Better Red than Dead
“Trash – The Complete New York Dolls” (Plexus) – Kris Needs & Dick Porter
June 2006 sees the publication of “Trash – The Complete New York Dolls” (Plexus) by Kris Needs & Dick Porter. Featuring a foreword from Dolls guitarist Sylvain Sylvain, the 240-page volume lifts the dustbin lid off the trashcan that was the New York Dolls, leaving no stone unturned in the pursuit of the truth.
In the exclusive extract below, we recall the Dolls red leather phase & the shenanigans of their haberdasher, Malcolm McLaren. I’ll leave the introductions to Needsy (JE):
In June 1977, as punk rock swept the nation, I commandeered the front page of Sounds and took four pages to illustrate how the Dolls made the first moves and suffered the consequences. The Sounds piece started with the words:
'They should have done it. They should have been the world's number one group. They should have made the greatest records they were capable of’.
They should have...yeah, that was the trouble; the New York Dolls might have been the greatest rock 'n' roll band since the Stones but they were too far ahead of their time - and when the world caught up - they were on the point of disintegration through personnel clashes and the inevitable results of living out a nation's rock 'n' roll fantasies.
These days there isn't a vaguely new wave band around which doesn't owe something to the Dolls. I dunno where we'd be without 'em. It was the Dolls who proved you don't have to be a fantastic musician to play exciting music. It was the Dolls who brought back TEENAGE music, with words about parties, girls, fights, dope and romance. 'The Dolls were an attitude. If nothing else they were a great attitude. You can see so much of the Dolls in today's bands. They laid the dynamite for the Pistols to come along and light the fire. The Dolls were the right band at the wrong time.' – Johnny Thunders
As 1974 crept into '75, the Dolls were on shaky legs indeed. Their second album, the badly-produced “Too Much Too Soon”, had only worsened their plight and, riddled with demonic substance abuse, the Dolls seemed consigned to the endless bar circuit.
Meanwhile, the New York punk scene was starting to blossom in the bowels of the Bowery. Despite the fact that they were named as prime inspiration, the Dolls weren’t exactly invited to the ensuing party. The times they were a-changing but the group wasn't, except for the worse. Enter Malcolm McLaren, who supplied the wardrobe for the Dolls' final straggle to oblivion....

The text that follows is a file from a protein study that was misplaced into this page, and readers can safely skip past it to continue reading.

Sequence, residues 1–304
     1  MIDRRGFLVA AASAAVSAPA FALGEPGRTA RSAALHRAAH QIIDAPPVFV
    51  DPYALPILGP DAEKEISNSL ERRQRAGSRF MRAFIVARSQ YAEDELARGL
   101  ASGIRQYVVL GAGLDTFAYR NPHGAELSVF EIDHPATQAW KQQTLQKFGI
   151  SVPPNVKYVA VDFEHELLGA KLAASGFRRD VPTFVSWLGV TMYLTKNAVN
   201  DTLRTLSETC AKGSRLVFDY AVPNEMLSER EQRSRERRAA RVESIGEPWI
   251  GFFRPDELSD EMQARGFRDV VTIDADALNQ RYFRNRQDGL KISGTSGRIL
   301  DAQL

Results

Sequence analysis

Better Red Than Dead
In London, Malcolm McLaren was horrified to learn of the decline of the Dolls, but recognised the band's need for a makeover. He'd continued to run his boutique, but had also set the wheels in motion to start a band based around some of the young ne'er-do-wells hanging around in his shop. McLaren remained enraptured by the Dolls and had already begun assimilating the elements of their style into his fashion designs. Viewing the Dolls as the perfect template for the group he was assembling, he instructed guitarist Steve Jones to learn how to play to their first album. 'Malcolm had this big thing about the New York Dolls,' said Pistols drummer Paul Cook. 'He was fascinated with them. He loved New York and thought it was all so great.'
Malcolm felt strongly that the Dolls shouldn't go under. In January 1975, he hooked up with the band and offered to provide some organizational assistance – much to the surprise of Marty Thau. 'I used to see Malcolm McLaren, who loved the Dolls, at their shows and became a friend,' he said. 'Suddenly he was in New York and trying to resurrect them, but unfortunately it was a little too late.'
'Malcolm was kind of sick of London for a while,' David told Pete Frame. 'He wanted a change and wanted to broaden his horizons, so to speak. He was a pal of ours and helped us a lot. He helped us arrange some shows and things like that. He was good to us. He didn't ask for any particular monetary compensation - and he was learning from us as well. There was no pretence about it. It was all pretty up front.
'We had written a song called "Red Patent Leather" which was a red concept song. It was all about red, everything that was red - Indians, the communists, red patent leather - al kinds of overtones. So we decided we wanted red patent leather pants, shirt and everything. So we got Malcolm [McLaren] to make them for us. I figured the natural backdrop for that would be a red drape, so we might as well make it a communist flag, because that's really red. So then we came out and said, "this is a communist party!" when we did our shows.'
'Vivienne got us out-fitted,' recalls Syl. 'Malcolm McLaren and Johansen never had much to say to each other, but they locked eyes and said, "Well now that everything is red, what about the red flag?" Malcolm, of course, always has a political agenda to everything he does.'